Amb. Morton Abramowitz, Sandy Berger, Hamid Biglari, Zbigniew Brzezinski, Amb. Nicholas Burns, Gen. James E. Cartwright, Brig. Gen. Stephen Cheney, Joseph Cirincione, Amb. Ryan Crocker, Suzanne DiMaggio, Amb. James Dobbins, Robert Einhorn, Stu Eizenstat, Rep. Lee Hamilton, Stephen B. Heintz, Carla A. Hills, Gen. Joseph Hoar, James Hoge, Lt. Gen. Frank Kearney, Amb. Daniel C. Kurtzer, Amb. Winston Lord, Amb. William H. Luers, Sen. Richard Lugar, Jessica T. Mathews, Amb. Richard T. McCormack, Amb. William G. Miller, Amb. Richard Murphy, Adm. Eric Olson, George Perkovich, Amb. Thomas Pickering, Paul Pillar, Amb. Nicholas Platt, William A. Reinsch, Amb. J. Stapleton Roy, Barnett Rubin, Karim Sadjapour, Rear Adm. Joe Sestak, Lt. Gen. Brent Scowcroft, Gary Sick, Anne-Marie Slaughter, Paul A. Volcker, James Walsh, John C. Whitehead, Col. Lawrence Wilkerson, Tim Wirth, Amb. Frank Wisner, and Gen. Anthony Zinni.
While all other options remain, none is superior to a sound diplomatic resolution of our differences with the Islamic Republic of Iran.
Stuart Eizenstat, chairman, Iran Task Force; Barbara Slavin, Senior Fellow and Coordinator, Iran Task Force; and members: Odeh Aburene, James Cartwright, Joseph Cirincione, Michael V. Hayden, Jim Moody, John Limbert, Trita Parsi, Thomas R. Pickering, Ramin Asgard, William Reinsch, Richard Sawaya, Greg Thielmann, Harlan Ullman
An agreement between Iran and the p5+1 now being negotiated would be the best available way of assuring that Iran does not go down the path of acquiring nuclear weapons.
Triggered sanctions, where they come into effect in a mandatory way, is perceived by the Iranians as putting a gun to their head and leads them to put together trigger-advancements in their nuclear program.
Achieving that objective in the upcoming negotiation is hard enough. We should not derail it from the start by prescribing its terms.
But that essentially would be the effect of the Iranian sanctions bill being considered in the Senate. It would not simply sanction Iran if it fails to comply with its commitments; it would apply new sanctions if Iran does not accept a nuclear deal that meets conditions it requires. That essentially presents Iran with this choice: Accept our terms or be sanctioned. Negotiations are unlikely to begin under those circumstances.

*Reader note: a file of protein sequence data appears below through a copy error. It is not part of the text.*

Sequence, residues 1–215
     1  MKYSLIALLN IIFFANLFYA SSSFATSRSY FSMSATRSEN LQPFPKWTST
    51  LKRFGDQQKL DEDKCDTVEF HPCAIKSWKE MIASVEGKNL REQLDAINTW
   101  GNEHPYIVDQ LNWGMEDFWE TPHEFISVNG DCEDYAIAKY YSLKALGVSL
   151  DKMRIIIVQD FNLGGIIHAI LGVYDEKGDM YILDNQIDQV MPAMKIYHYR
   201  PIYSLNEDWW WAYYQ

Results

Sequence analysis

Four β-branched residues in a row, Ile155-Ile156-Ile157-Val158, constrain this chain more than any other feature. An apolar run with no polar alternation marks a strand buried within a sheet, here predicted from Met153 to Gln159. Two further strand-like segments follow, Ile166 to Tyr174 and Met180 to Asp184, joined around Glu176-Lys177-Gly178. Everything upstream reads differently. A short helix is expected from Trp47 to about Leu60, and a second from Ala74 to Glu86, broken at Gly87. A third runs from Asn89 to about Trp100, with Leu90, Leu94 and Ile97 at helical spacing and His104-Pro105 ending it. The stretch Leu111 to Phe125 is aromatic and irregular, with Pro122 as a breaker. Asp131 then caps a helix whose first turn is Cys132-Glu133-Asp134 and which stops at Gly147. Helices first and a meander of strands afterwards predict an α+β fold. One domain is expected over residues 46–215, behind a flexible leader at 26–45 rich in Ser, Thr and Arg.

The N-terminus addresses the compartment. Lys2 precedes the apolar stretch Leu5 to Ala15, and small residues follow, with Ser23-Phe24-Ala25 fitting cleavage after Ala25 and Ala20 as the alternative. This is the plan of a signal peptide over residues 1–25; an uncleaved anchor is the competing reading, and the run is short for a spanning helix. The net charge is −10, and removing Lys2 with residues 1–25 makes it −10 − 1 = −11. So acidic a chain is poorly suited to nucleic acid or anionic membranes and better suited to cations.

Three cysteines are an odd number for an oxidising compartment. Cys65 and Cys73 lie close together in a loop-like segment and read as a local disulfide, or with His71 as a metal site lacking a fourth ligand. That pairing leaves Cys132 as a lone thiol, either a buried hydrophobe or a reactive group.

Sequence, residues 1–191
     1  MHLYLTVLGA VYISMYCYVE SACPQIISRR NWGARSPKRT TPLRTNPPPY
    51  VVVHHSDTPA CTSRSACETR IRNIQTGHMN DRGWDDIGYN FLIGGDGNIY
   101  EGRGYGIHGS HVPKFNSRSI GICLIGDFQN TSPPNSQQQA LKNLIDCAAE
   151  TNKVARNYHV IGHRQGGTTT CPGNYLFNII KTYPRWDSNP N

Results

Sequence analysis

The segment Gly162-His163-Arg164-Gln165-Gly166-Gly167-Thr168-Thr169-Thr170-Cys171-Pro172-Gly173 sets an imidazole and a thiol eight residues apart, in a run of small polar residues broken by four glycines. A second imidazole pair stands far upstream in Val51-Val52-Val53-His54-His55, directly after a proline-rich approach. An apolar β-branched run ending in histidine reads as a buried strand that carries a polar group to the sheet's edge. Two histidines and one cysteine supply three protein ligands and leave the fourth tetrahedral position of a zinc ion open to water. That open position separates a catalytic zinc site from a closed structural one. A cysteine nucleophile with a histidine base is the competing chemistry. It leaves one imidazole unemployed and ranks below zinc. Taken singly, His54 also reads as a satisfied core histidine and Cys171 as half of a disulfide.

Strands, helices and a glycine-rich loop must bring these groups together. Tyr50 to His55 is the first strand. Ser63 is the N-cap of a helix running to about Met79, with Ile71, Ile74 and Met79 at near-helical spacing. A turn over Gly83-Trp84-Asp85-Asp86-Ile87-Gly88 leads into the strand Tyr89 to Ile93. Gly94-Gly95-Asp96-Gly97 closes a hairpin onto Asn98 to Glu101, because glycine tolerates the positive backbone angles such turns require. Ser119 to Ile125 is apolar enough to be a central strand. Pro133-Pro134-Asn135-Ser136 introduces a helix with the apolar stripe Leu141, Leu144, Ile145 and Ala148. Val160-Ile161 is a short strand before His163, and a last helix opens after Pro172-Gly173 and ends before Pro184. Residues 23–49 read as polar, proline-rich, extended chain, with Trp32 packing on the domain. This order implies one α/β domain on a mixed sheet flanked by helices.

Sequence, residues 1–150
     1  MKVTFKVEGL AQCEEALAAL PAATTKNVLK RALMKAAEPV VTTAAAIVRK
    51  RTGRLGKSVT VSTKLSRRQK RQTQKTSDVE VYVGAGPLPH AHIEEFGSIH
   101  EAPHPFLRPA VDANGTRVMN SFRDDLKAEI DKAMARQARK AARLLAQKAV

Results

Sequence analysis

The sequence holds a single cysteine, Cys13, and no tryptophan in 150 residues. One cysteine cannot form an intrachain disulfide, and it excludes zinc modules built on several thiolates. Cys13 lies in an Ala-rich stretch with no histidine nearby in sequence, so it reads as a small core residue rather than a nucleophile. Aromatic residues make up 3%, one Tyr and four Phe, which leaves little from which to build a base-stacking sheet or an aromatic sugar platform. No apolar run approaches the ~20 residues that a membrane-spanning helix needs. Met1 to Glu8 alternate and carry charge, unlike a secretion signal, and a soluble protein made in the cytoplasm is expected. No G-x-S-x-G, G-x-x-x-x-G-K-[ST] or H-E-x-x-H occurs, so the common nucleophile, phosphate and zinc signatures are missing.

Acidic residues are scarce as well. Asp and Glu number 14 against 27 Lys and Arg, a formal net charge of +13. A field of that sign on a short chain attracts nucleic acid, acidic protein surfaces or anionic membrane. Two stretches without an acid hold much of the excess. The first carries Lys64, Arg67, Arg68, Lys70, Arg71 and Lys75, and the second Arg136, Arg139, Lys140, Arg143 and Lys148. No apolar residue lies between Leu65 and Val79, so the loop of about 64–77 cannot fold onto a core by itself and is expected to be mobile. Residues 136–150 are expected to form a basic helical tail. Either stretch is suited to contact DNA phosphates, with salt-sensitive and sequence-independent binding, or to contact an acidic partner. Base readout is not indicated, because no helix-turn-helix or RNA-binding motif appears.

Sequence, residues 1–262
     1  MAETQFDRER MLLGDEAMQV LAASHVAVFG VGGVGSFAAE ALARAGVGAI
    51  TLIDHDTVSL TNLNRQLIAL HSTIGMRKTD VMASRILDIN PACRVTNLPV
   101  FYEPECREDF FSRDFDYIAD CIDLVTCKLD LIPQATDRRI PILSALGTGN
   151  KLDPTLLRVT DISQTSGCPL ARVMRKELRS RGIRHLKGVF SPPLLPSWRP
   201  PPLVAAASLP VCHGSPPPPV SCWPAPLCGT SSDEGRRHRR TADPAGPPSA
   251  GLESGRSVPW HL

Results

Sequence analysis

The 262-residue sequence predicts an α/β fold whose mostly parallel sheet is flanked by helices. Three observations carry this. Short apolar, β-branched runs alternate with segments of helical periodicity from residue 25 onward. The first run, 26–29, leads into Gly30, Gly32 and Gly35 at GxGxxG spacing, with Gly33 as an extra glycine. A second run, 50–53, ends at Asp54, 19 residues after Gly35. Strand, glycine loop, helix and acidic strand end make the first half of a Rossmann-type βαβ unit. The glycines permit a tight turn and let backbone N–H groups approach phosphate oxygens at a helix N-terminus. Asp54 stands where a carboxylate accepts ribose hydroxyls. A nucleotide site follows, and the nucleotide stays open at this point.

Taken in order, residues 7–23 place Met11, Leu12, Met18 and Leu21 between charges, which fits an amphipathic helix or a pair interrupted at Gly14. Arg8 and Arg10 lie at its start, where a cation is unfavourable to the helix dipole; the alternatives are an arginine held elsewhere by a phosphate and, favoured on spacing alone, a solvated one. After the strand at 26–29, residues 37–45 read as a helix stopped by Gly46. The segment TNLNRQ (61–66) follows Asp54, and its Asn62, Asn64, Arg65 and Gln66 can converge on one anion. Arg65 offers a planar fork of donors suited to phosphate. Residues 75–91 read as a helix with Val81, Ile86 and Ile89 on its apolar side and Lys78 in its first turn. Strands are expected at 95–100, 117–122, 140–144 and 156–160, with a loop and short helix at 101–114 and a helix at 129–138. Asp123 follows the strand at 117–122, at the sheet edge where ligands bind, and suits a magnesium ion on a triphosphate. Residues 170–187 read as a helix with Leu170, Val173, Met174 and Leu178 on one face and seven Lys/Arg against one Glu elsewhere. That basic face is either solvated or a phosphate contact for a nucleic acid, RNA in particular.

The interim nuclear accord between Iran and the six world powers is a significant accomplishment by any measure... The interim agreement itself places meaningful constraints on several dimensions of Iran's nuclear program in exchange for providing Iran with a degree of financial relief from existing economic sanctions. The accord, better understood as a ceiling than a freeze, also establishes a level of inspections that is far more intrusive than what has existed.
The Obama team has won the first round on the six-month agreement with Iran by a knockout... Yes, there were disproportionate compromises made-by the Iranians. They froze, to greater and lesser degrees, virtually all of their nuclear programs. And critically for Western intelligence, Tehran also agreed to vast new inspections of their nuclear facilities by international experts. In return, the U.S. agreed to provide around $7 billion in sanctions relief. This is first rate bargaining by the American side.
A major achievement that deserves enthusiastic applause.
No matter what you think of it, this is a historic deal.
The deal in the short run accomplishes a tremendous amount. In the long run, a lot of work has to be done and a lot of issues have to be settled.
Although no diplomatic agreement is perfect, the one reached in Geneva is pretty darn good.
The National Journal conducted a survey of 56 national security insiders finding, "A strong majority of National Journal's National Security Insiders thought the recent agreement between world powers and Iran-to limit its nuclear program in exchange for some sanctions relief-is a 'good deal,' ... The agreement... 'is better than expected and rolls back key aspects of the Iranian progress toward bomb-grade highly enriched uranium,' one Insider said." In the survey, 75.5% responded yes to the question, "Is the recent agreement between world powers and Iran to limit its nuclear program in exchange for some sanctions relief a good deal?
We are persuaded that this agreement arrests Iran's nuclear program for the first time in nearly a decade and opens the possibility of ultimately stopping Iran from developing a nuclear weapons capability. More than any other option, a diplomatic breakthrough on this issue will help ensure Israel's security and remove the threat that a nuclear-armed Iran would pose to the region generally and Israel specifically. We are encouraged that this first-step agreement with Iran will constrain and make much more transparent its nuclear program. This agreement contains concessions and limitations from Iran that few of us thought would have been possible just scant weeks ago.
We ought to give diplomacy a chance.
We are proud that many Oregon legislators have backed the administration's diplomatic initiative with Iran. Obstructing the talks risks the prospect that Iran's nuclear program will not be resolved through a diplomatic process and could likely push our countries toward war.
This article was originally published on December 4th, 2013.